An epilogue – the final section of a story – brings closure and ties in loose ends. It can be an essential part of a narrative, helping to connect different elements of a story and give the reader some sense of resolution. But is an epilogue needed? There are pros and cons of including an epilogue in your story and you’ll need to consider whether it’s right for your story.
Pros of an epilogue
- Closure: An epilogue can provide closure, and resolution to a tale. This can be especially important in a longer story, where the reader has invested more time following the narrative and its characters.
- Future insight: An epilogue can give the reader a glimpse into the future, showing what happens to the characters after the main events have taken place. As well as closure this can provide a deeper understanding of the characters and their experiences.
- Aesthetic appeal: An epilogue can be a beautiful and moving way to end a story. It can provide a sense of nostalgia and evoke emotions, helping the story and its characters be remembered long into the future.
Cons of an epilogue
- Unnecessary information: Wrongly applied an epilogue may introduce information that seems unnecessary or irrelevant to the main story. This can reduce the impact of the narrative and detract from the reader’s experience.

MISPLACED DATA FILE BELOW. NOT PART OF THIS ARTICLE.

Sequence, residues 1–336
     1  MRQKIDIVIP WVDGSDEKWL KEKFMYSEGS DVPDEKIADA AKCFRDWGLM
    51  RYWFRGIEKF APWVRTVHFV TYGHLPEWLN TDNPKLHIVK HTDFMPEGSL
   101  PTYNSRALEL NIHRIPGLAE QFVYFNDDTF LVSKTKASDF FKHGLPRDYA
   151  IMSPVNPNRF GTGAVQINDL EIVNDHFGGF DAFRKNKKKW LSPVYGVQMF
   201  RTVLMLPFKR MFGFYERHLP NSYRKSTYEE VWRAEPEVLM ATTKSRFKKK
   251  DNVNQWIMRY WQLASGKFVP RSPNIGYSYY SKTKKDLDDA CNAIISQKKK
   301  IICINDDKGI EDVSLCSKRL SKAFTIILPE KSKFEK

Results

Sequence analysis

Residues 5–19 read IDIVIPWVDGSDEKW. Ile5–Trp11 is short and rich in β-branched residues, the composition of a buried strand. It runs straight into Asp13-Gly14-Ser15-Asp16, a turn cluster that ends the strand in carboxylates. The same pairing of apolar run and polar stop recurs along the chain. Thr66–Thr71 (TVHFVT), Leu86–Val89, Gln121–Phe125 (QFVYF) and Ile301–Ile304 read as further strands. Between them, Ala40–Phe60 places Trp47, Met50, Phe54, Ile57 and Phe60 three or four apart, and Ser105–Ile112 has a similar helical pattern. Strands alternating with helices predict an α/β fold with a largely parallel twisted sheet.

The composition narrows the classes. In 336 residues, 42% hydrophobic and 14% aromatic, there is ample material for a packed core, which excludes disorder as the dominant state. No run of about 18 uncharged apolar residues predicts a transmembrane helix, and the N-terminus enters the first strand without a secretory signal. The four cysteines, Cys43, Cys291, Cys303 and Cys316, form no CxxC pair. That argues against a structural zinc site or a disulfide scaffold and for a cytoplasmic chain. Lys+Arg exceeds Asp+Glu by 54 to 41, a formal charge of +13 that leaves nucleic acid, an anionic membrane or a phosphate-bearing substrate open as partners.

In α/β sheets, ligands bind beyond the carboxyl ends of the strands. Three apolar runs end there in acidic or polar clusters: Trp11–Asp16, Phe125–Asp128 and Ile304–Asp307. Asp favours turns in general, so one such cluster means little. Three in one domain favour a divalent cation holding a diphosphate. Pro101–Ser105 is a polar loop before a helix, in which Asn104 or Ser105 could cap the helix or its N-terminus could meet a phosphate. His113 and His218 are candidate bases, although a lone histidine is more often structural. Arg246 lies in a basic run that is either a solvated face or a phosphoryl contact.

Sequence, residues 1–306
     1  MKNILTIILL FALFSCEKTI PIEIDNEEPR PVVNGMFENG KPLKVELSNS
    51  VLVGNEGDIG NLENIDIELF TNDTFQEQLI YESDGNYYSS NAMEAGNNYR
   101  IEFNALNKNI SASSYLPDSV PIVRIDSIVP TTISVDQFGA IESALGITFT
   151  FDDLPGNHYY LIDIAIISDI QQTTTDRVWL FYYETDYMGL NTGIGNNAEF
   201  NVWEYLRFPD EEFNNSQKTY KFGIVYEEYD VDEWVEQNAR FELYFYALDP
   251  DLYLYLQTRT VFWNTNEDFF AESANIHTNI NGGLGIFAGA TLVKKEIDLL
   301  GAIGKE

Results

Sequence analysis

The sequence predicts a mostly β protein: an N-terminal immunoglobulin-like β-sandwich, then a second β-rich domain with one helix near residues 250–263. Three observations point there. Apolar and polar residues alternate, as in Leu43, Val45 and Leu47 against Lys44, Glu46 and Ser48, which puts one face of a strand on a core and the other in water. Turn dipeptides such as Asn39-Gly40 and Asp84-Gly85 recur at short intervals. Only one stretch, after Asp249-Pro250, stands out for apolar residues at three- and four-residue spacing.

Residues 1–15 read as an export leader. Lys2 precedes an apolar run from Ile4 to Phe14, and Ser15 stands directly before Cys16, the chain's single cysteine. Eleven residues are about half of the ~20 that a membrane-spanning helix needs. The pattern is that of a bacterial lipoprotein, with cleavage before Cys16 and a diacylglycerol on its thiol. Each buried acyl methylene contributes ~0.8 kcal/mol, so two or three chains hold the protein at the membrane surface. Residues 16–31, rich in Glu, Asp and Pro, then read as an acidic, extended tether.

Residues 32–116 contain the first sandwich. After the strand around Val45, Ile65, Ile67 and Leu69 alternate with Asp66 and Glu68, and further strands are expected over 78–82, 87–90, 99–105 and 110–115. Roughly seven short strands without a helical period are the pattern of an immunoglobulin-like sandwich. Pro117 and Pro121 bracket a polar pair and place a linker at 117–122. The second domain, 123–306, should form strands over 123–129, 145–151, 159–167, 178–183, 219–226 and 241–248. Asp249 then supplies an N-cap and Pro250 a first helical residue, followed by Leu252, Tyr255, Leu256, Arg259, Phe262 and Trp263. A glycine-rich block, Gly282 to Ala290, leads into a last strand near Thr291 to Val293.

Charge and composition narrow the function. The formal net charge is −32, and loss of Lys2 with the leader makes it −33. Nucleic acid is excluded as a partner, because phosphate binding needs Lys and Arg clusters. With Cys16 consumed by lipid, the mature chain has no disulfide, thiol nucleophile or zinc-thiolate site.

- Predictable: An epilogue can be predictable and formulaic, which gives a stereotypical ending to a story. This could be disappointing for readers who expect a more original and creative conclusion.
- Detachment from the main story: An epilogue can sometimes feel detached from the main story, as if it separate and unrelated. This can be distracting and detract from the overall flow and cohesiveness of the narrative. It could appear to be a clumsy trail for a follow-on story to come.
Here are some examples of stories with well-crafted epilogues and what they add to the book:
Pride and Prejudice by Jane Austen – here the epilogue provides a glimpse into the future of Elizabeth and Mr Darcy showing how the author sees their relationship would develop.
To Kill a Mockingbird by Harper Lee – this epilogue gives a view of where Scout, the narrator, gets to beyond the story, this adds interest and serves as a strong conclusion.
The Lord of the Rings by J.R.R. Tolkien – this epilogue unites different elements of the story and gives the reader an idea of what the characters go on to do after their main adventure.
The Great Gatsby by F Scott Fitzgerald – here the epilogue again shows the future of the characters and allows the readers to gain a deeper understanding of the story themes, including wealth, love and decadence.
Whether or not you include an epilogue in your story depends on your narrative. It can provide closure, more information on the characters and evoke emotions in the reader, but it can also be unnecessary, predictable and detached from the main story – lots to consider.
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